Chase Joynt on “Framing Agnes,” Collaboration, and Finding New Ways to Tell Trans Stories

When I saw the short film Framing Agnes at Outfest in 2019, my goals for the industry were simpler. I wanted more trans people on-screen and more trans people behind the camera. I cared about the how but not nearly as much as the what.

That has changed. I am exhausted by our visibility. I still want to see trans people on-screen — and even more so behind the camera — but not without thought, not without care, not without the resources to deal with the backlash.

It’s fitting then that one of the year’s best movies would not only be about trans lives and trans histories, but question the various forms of visibility trans people have experienced over the past seventy years. From short to feature, Framing Agnes has called into question its own premise.

Framing Agnes joins director Chase Joynt’s ever-growing body of work that upends conventional trans documentary filmmaking. From his short I’m Yours in 2012 (watch here!) that comments on the ways trans people are asked to perform our life stories to No Ordinary Man, last year’s unconventional Billy Tipton doc, Joynt’s approach prioritizes formalism and collaboration. The how is not only important to Joynt — it becomes included in the work itself.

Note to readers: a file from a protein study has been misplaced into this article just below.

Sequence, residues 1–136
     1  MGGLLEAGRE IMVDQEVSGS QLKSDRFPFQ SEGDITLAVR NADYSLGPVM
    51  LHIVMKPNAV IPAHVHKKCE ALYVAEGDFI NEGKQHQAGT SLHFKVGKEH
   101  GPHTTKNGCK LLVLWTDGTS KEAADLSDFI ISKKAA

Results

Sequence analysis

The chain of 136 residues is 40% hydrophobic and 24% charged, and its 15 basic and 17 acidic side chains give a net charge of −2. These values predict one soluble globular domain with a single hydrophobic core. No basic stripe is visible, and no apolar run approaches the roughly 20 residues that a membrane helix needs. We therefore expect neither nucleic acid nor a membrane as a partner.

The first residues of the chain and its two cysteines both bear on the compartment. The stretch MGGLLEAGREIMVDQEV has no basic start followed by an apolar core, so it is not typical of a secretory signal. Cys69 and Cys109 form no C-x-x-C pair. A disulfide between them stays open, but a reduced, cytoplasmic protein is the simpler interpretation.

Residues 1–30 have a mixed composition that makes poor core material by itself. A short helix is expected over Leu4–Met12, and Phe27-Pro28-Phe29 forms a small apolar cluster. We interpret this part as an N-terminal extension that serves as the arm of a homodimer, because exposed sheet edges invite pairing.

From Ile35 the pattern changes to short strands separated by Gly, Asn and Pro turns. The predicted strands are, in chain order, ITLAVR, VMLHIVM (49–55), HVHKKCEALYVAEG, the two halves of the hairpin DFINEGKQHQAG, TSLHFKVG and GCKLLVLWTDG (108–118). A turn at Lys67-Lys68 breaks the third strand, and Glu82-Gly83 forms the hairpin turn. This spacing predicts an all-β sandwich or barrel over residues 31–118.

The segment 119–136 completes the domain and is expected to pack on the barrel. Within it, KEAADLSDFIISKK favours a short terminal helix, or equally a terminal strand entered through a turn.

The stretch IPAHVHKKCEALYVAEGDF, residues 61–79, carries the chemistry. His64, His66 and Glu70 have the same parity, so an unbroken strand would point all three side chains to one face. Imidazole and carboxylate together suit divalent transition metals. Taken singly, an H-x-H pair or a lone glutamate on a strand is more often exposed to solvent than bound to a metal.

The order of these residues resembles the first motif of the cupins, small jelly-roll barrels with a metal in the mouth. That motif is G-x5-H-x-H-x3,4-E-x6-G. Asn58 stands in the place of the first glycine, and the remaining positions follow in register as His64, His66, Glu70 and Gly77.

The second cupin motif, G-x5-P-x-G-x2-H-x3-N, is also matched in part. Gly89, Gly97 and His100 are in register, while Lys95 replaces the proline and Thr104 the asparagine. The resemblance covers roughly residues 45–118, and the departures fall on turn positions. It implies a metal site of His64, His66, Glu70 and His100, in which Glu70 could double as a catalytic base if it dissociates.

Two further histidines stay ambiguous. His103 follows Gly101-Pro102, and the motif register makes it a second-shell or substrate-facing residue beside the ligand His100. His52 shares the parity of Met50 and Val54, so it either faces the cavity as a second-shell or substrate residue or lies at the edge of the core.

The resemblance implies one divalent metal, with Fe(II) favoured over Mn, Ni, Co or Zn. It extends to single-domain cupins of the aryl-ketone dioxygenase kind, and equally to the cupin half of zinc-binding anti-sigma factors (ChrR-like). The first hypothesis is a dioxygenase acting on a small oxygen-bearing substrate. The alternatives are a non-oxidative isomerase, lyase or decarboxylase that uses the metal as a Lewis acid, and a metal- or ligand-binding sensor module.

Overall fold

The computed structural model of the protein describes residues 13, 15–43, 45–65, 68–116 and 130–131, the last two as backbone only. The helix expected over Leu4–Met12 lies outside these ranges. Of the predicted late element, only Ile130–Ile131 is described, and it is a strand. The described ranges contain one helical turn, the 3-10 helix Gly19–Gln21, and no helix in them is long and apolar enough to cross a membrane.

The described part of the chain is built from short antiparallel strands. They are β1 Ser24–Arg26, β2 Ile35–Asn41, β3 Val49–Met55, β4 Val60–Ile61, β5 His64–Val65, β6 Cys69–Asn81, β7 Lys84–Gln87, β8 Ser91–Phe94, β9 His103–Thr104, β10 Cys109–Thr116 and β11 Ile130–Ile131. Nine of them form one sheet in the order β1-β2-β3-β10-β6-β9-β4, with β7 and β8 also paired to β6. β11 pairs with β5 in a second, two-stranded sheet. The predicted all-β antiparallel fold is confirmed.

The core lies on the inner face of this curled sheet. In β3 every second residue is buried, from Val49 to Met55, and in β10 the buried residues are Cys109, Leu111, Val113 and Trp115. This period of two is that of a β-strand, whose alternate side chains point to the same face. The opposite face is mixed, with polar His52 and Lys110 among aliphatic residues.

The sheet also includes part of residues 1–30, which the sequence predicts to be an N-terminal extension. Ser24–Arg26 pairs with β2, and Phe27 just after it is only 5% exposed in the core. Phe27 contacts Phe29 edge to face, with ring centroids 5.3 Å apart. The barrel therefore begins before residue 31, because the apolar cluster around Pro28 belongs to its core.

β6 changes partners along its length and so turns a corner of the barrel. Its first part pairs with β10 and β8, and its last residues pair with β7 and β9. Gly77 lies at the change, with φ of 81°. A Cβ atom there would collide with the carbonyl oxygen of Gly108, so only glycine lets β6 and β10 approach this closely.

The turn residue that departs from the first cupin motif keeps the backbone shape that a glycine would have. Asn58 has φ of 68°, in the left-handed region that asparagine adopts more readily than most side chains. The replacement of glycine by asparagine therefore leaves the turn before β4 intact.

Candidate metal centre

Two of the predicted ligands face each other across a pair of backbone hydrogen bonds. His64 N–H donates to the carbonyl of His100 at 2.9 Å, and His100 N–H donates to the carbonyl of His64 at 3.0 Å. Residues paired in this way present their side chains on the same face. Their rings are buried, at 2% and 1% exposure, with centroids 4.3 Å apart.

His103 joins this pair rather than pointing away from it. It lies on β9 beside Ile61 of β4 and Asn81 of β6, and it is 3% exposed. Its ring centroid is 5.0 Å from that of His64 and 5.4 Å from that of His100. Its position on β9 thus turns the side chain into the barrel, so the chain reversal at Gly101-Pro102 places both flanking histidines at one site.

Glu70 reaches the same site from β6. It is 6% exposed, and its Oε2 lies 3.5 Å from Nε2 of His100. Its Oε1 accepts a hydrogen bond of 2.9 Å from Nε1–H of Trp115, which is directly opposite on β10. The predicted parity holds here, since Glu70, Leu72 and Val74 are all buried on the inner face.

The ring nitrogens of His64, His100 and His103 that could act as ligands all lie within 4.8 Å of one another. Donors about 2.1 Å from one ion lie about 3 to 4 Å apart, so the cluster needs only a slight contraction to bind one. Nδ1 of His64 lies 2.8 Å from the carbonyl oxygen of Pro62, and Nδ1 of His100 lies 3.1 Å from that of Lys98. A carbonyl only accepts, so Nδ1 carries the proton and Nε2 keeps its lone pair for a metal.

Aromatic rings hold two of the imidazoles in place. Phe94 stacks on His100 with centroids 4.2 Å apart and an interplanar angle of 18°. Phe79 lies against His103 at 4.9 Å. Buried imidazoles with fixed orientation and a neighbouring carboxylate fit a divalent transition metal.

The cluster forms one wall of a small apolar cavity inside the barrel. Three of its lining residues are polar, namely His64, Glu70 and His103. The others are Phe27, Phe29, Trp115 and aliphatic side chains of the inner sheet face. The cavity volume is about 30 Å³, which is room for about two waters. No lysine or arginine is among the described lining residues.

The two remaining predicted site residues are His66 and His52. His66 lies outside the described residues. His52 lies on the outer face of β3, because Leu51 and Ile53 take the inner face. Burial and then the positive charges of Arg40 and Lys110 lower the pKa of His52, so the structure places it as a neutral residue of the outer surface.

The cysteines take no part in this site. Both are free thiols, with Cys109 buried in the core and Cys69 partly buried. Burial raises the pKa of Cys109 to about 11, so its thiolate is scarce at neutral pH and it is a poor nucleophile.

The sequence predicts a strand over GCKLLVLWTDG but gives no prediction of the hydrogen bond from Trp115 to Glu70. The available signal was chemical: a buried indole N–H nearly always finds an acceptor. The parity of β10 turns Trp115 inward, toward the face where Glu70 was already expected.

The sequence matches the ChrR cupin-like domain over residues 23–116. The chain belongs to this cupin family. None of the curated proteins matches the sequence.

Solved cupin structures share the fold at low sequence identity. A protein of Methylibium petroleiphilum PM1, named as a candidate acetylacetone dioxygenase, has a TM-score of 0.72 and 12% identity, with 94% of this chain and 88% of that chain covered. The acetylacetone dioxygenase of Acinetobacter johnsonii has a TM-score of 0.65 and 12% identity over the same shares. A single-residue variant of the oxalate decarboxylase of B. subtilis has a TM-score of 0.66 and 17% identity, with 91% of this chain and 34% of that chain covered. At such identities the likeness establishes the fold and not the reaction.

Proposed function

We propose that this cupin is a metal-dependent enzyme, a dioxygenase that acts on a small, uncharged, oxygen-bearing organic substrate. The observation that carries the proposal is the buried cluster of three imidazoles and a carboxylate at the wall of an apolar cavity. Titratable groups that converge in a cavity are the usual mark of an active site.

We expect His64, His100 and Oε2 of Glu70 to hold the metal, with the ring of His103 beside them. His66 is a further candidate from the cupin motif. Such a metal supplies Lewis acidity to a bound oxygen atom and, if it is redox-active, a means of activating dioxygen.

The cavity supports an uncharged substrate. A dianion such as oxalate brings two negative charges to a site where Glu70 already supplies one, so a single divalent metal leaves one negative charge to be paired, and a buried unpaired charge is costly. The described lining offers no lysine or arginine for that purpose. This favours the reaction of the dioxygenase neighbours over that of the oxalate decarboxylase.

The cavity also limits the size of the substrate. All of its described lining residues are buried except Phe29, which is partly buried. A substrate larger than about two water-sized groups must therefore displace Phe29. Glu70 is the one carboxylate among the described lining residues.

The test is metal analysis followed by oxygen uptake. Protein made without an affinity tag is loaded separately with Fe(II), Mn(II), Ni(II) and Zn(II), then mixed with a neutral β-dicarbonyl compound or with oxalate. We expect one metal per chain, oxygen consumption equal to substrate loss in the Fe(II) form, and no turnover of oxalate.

It was such a pleasure to talk to Joynt about his influences, his process, and the responsibility of trans storytelling.

Chase: Drew, where are you in the world?

Drew: I’m in Toronto!

Chase: Always??

Drew: No. But about half the time because my girlfriend lives here. I’d never been to any part of Canada before two summers ago and now I kind of live here?

Chase: You know I’m born and raised near Toronto, right?

Drew: I actually want to start with that because I feel like your work has such a specific voice and set of interests and I do just want to know more about your background.

Chase: Yeah, sure. And it’s actually a very Toronto answer. I can skip the like, “When I was a child I felt this way…” details.

Drew: (laughs)